Persuasive Media: New Genesis Replaces Daddy!

In today’s world we the people are constantly bombarded with thousands of pieces of persuasive media daily, and with such a prominent presence, returns a prominent affect on our decision making process when in the market. Today, there are more accidents and emergencies global wide than ever before. When we were children remember how daddy used to always be there to save the day? Well Hyundai’s new 2014 Genesis commercial that aired on Super Bowl Sunday deliver’s the message that Dad isn’t always there to save the day, but your new auto emergency braking Genesis is. However, this is a false cause. Consequences in reality are that the new Genesis is a car, and anyone who decides to drive a car assumes all risk and responsibility of driving. Hyundai’s commercial juxtaposes many feelings and logistics that provoke and persuade you to buy their new model car.

2015 Genesis Sedan

First off the commercial first aired on Super Bowl Sunday, so appealing to association and anyone on the bandwagon: any dad, anyone who likes football, anyone who likes cars or Hyundais, any family member or anyone who would cares about kids, anyone found to be drawn in by the commercial, or basically anyone who watched the largest telecast game of the year, totaling to 111.5 million viewers would have seen the airing (E! Online). We could definitely say appealing to Kairos fallacy, the right place, right time is highly relevant.

The commercial starts out with no narrative but has Bruno Mars’, “You can count on me,” song playing immediately appealing to pathos, inspiring a warm, comforting and uplifting advertisement. As the commercial plays it displays different dads each saving their children from out of harms way and/or taking the hit for them, thoroughly drawing you in emotionally to by watching their actions. The climax of the commercial depicts a younger boy driving the new Genesis with his dad. He takes his eyes off the road to catch the eye of a beautiful girl staring back at him, linking the hero to the journey, meeting with the goddess and also implying that beautiful people will look at you if you drive the new Genesis. The car in front of the boy then pulls out and the Genesis brakes automatically, thus bringing in the only words spoken by the narrative, “Remember when only dad could save the day? Auto emergency braking, on the all new Genesis. From Hundai,” and prompts the brand identity and cuts off. —

Hyundai’s impact on society is pretty well delivered to impose that anyone without the new Genesis is just like a kid without daddy, both appealing to insecurity and emotion to promote sales profit. They do a good job at marketing  because this conclusion also appeals to logos: You aren’t safe without the auto emergency braking, therefore you should buy a new Genesis. All the while the commercial appeals to ethos too, Hyundai’s credibility: Having good images of Dads saving the day and any previous knowledge of Hyundai is positively affected by their delivery of the commercial. The fundamental impacts the commercial has had we know has already affected over 111 million people but, “Market researcher InsightExpress found that 25 percent of viewers would access the Web to see some of the ads (Strategic Sport Communication). And on youtube the view count for the official commercial is up to 7.3 million views and a compilation of super bowl ads with it is right under 2 million in just a month (YouTube).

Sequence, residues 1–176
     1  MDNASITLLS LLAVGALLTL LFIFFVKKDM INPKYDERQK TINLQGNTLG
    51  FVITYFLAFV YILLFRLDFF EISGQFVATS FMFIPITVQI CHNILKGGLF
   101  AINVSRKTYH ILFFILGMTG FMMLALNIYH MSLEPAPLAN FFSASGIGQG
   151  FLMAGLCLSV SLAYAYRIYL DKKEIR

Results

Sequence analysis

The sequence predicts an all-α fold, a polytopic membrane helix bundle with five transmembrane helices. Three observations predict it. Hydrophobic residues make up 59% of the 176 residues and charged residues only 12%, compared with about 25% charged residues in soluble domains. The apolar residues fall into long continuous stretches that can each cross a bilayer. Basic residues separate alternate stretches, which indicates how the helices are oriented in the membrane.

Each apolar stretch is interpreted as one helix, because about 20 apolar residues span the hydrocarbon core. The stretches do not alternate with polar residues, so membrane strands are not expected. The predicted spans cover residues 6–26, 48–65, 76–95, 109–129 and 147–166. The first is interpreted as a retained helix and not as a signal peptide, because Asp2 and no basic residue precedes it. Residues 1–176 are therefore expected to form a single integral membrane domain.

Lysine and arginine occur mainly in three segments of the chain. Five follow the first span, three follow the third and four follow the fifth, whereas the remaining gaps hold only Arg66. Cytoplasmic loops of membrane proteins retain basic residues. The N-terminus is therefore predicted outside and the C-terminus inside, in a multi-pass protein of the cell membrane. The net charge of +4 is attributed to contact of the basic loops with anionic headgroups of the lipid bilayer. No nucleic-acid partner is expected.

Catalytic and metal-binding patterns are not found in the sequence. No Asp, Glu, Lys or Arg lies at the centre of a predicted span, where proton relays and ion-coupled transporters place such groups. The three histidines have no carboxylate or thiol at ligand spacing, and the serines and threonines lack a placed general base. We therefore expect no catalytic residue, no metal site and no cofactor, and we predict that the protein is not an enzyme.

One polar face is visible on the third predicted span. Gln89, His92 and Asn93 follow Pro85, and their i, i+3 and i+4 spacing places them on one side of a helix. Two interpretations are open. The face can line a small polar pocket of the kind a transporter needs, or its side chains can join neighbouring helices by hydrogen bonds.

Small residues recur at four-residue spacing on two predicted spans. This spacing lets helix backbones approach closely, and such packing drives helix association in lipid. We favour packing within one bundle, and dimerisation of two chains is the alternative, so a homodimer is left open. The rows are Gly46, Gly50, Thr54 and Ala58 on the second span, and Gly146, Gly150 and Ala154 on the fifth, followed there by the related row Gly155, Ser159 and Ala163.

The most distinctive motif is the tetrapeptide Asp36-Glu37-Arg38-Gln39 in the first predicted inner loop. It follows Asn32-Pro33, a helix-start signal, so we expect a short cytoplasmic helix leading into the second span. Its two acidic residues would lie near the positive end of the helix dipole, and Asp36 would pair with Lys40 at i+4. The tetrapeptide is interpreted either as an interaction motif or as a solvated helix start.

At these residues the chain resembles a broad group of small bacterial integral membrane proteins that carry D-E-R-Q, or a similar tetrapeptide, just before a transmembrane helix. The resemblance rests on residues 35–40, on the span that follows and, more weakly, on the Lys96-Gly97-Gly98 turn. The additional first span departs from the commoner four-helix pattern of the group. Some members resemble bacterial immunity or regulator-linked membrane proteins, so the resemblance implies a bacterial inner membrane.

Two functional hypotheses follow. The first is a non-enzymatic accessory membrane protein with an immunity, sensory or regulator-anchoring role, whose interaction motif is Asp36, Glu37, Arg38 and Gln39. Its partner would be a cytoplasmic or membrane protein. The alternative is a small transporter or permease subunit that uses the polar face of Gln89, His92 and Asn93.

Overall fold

If I were to better the commercial, I would reconstruct a visual with Jesus, posing as daddy and reaching out to help anyone without the new Genesis. Yes Dad can be pretty good to save the day, but what about the son of God? I would feel pretty confident reaching out and taking his hand.

Screenshot 2014-03-02 22.53.06

Overall, Hyundai’s commercial is one of many, superimposing pieces of persuasive media the global industry spends $500+ billion on in 2013 alone, and is “gaining momentum,” (Johnson).

“10 Things You Should Know About the Global Ad Market.” Advertising Age Global News RSS. N.p., 8 Dec. 2013. Web. 4 Mar. 2014. <http://adage.com/article/global-news/10-things-global-ad-market/245572/>.

“Cool Hyundai Super Bowl Commercial (2014) Dad’s Sixth Sense – Hyundai Genesis.” YouTube. YouTube, 28 Jan. 2014. Web. 3 Mar. 2014. <http://www.youtube.com/watch?v=TKL_cn8vhjo>.

“Super Bowl 2014 Ratings: How Many People Tuned In to See the Seahawks’ Blowout of the Broncos?.” E! Online. N.p., 3 Feb. 2014. Web. 4 Mar. 2014. <http://www.eonline.com/news/506614/super-bowl-2014-ratings-how-many-people-tuned-in-to-see-the-seahawks-broncos-blowout>.

“Viral effects boost value of Super Bowl ads.” human-kinetics. N.p., n.d. Web. 4 Mar. 2014. <http://www.humankinetics.com/excerpts/excerpts/viral-effects-boost-value-of-super-bowl-ads>.

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